Blog | Loeb.NYC
Blog | Loeb.NYC

Rich Vogel’s top 6 tips for early-stage investors

Rich Vogel

Rich Vogel started his career on the floor of the New York Stock Exchange. Today, Rich is the CFO and COO of venture collective, Loeb.nyc, where he and Michael Loeb (CEO, Founder), build good ideas into great businesses. Rich has experience founding, funding, growing, launching and selling startups in a range of industries. Here are some of Rich’s top tips for entrepreneurs to succeed at every stage of growth. 

1. Focus on what you’re good at.

You are naturally gifted at certain things. Don’t spend too much time building up skills that don’t leverage your natural abilities; don’t try to match the skill-sets of those around you, just to fit in. Sure, you need to be competent at a lot of things – but focus on and spend time enhancing your gifts… that will be your career accelerator.

There are a lot of things that Michael Loeb and I have come to learn about ourselves over these last twelve years. We’ve now put a company together that is built to leverage what we’re good at – and we’ll remain disciplined about not draining emotional capital in directions that don’t capitalize on our experience or sweet-spots.

2. Find a solution to a real problem.

Solve a problem that hasn’t been solved before – and make sure its a problem that actually needs to be solved. A high percentage of the companies believe they have found a solution, but it’s a solution to a problem that doesn’t exist or isn’t as big of a market factor as they imagined. Solutions to genuine inefficiencies in supply chains or markets are potentially very, very valuable. As is the ability for that company to scale and protect its position.

Ask: Is this a problem that needs to be solved? Is it an ongoing systemic problem, or a short-term problem? If we solve this problem, will we create value within the ecosystem and will we be rewarded for doing so?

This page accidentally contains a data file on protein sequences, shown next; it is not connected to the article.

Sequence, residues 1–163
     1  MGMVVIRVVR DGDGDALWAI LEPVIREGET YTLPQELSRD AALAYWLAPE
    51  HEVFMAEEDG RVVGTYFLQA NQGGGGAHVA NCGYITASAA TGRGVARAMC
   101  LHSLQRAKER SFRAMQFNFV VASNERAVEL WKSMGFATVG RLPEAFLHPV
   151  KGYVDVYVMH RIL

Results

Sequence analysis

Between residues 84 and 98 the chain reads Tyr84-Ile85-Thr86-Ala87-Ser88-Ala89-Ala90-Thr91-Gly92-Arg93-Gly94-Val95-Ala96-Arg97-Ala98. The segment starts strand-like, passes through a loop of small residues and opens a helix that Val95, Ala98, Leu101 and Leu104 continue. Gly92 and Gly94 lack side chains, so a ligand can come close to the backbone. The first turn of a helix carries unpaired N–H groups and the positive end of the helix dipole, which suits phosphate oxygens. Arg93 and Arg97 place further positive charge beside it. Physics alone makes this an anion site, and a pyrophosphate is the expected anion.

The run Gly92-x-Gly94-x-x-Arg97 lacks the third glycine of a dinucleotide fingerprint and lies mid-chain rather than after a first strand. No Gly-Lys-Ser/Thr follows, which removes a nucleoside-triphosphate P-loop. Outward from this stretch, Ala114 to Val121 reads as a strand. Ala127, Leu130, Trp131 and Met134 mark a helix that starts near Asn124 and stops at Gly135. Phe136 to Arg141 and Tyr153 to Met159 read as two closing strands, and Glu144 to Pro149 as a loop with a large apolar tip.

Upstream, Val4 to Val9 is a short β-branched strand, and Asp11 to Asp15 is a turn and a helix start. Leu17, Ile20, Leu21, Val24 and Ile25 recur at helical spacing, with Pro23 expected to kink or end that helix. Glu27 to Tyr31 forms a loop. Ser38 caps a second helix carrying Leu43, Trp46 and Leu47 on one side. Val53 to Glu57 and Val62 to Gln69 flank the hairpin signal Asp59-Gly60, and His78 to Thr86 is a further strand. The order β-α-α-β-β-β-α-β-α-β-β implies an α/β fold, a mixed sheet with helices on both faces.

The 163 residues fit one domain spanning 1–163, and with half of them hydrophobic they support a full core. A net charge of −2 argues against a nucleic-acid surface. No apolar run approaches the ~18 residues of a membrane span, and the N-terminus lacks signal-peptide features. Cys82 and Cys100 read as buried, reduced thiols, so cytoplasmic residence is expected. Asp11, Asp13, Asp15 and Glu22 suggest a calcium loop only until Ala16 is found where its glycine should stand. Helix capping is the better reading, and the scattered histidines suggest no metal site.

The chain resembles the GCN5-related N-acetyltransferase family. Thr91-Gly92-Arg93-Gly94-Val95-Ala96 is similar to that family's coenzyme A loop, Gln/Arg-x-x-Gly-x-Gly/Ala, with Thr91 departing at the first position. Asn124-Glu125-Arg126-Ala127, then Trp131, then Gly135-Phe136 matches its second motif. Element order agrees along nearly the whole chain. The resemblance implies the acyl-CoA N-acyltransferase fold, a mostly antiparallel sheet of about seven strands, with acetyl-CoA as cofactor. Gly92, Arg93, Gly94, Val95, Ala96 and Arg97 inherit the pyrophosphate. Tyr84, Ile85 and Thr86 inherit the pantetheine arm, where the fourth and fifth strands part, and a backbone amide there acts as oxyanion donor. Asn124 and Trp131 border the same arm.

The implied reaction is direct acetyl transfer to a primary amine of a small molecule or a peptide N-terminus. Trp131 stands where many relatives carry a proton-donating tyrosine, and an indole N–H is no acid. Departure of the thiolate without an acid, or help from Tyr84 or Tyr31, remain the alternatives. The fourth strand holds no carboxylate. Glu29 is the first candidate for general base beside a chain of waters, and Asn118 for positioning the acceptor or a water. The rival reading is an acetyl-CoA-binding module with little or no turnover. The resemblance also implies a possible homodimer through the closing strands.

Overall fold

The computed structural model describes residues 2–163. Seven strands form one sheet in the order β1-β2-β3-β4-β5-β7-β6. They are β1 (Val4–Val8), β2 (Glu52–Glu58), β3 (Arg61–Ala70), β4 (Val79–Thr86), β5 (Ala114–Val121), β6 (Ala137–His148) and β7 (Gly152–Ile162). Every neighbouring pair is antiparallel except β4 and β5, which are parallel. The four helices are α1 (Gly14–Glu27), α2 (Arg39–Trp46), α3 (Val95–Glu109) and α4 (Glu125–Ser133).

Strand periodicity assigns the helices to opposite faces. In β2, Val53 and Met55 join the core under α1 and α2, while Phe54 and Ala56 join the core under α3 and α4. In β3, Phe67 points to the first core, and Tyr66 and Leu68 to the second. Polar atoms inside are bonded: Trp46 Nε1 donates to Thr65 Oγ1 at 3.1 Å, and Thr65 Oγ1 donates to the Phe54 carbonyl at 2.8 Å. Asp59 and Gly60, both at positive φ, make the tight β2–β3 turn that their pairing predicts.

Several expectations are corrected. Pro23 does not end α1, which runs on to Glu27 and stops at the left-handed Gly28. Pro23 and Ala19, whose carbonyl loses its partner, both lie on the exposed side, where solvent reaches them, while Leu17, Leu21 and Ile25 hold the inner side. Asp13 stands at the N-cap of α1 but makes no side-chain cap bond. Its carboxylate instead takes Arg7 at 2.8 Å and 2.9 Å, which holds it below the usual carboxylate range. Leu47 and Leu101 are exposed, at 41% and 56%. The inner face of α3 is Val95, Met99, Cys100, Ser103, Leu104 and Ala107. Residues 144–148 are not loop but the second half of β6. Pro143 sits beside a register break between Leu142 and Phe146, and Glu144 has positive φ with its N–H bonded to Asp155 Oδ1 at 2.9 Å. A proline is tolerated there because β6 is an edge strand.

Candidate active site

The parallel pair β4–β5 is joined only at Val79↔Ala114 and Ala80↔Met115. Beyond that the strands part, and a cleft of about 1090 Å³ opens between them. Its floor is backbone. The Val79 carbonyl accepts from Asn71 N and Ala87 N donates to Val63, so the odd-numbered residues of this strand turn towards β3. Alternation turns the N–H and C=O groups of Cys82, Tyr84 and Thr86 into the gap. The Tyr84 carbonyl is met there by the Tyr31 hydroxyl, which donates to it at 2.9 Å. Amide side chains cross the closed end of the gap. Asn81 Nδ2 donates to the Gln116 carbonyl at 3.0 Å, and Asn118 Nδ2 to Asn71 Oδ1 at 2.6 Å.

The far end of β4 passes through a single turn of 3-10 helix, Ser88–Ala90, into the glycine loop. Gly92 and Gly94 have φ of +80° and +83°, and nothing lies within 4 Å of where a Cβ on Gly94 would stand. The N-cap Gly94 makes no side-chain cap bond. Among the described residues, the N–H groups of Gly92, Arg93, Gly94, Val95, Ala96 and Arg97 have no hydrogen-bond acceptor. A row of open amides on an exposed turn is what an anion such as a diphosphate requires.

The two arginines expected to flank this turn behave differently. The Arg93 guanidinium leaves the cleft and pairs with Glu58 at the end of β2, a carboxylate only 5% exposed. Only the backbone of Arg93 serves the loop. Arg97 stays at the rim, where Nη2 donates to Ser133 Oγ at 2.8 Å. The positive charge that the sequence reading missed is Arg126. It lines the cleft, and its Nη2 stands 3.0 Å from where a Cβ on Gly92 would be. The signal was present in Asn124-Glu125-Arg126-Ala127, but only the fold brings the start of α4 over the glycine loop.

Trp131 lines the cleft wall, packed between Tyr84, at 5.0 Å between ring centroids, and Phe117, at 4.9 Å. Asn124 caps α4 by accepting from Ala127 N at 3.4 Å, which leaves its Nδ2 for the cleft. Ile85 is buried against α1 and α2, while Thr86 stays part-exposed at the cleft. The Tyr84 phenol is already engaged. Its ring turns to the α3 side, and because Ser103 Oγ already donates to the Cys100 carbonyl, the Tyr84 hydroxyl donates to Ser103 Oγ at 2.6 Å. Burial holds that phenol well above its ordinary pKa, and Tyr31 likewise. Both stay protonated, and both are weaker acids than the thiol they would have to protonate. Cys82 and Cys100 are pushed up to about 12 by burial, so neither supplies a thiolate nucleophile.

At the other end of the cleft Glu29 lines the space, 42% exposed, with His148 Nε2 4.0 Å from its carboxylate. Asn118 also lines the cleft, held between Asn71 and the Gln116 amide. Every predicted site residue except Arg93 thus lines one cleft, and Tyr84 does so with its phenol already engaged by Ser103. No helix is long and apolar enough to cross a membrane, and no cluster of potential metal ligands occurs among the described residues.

3. Bet on the jockey, not the horse.

We are people-first investors. We would invest in a great CEO with a less developed business model before we would invest in a more established business model with a less talented CEO. Early-stage CEOs are really one-of-a-kind. They’re a very unique breed. They’re the guys who will walk through walls, put themselves on the hook, and leave it all on the field to move their business forward.

4. Find great employees.

Gritty, smart, hungry employees. Somebody who can find their way to a solution without being given a roadmap, without being given every resource they need, and without a net. We have always looked for intelligence. We believe smart folks will have an outsized impact on the company over time, but grit and genuine ambition matter just as much.

5. Rep your city.

Look for local talent. Look for great engineers or great developers, that want to work on exciting projects in their city,  who want to build, and be challenged. In cities with strong university systems where talent is being produced almost on a daily basis, we bring opportunities for that talent to stay home and develop in the early stage community on projects that the intellectually curious find very gratifying.

6. Look for shared services.

Eighty to ninety percent of new companies fail. Do they fail because they are bad ideas? Not always. Because you watch a company fail and then that idea gets started up by somebody else who executes it beautifully and now there are four of those companies out in the world and yours failed. Why did it fail?  There are many factors, for example, when CEO’s are running around trying to raise capital and keep their investors happy, they can’t focus as much time on their product and their ideas. They are not as laser-focused on their tech and they are not as laser-focused on their model as they could be. That’s why we try to be an important part of the capital stack and its also why we pioneered the shared services model – to be the best friend of the entrepreneurs. We have teams and services in house (creative, sales, operations and more), ready to go, so founders can focus on building their businesses. This allows startups to punch above their weight and grow more quickly than they otherwise would.

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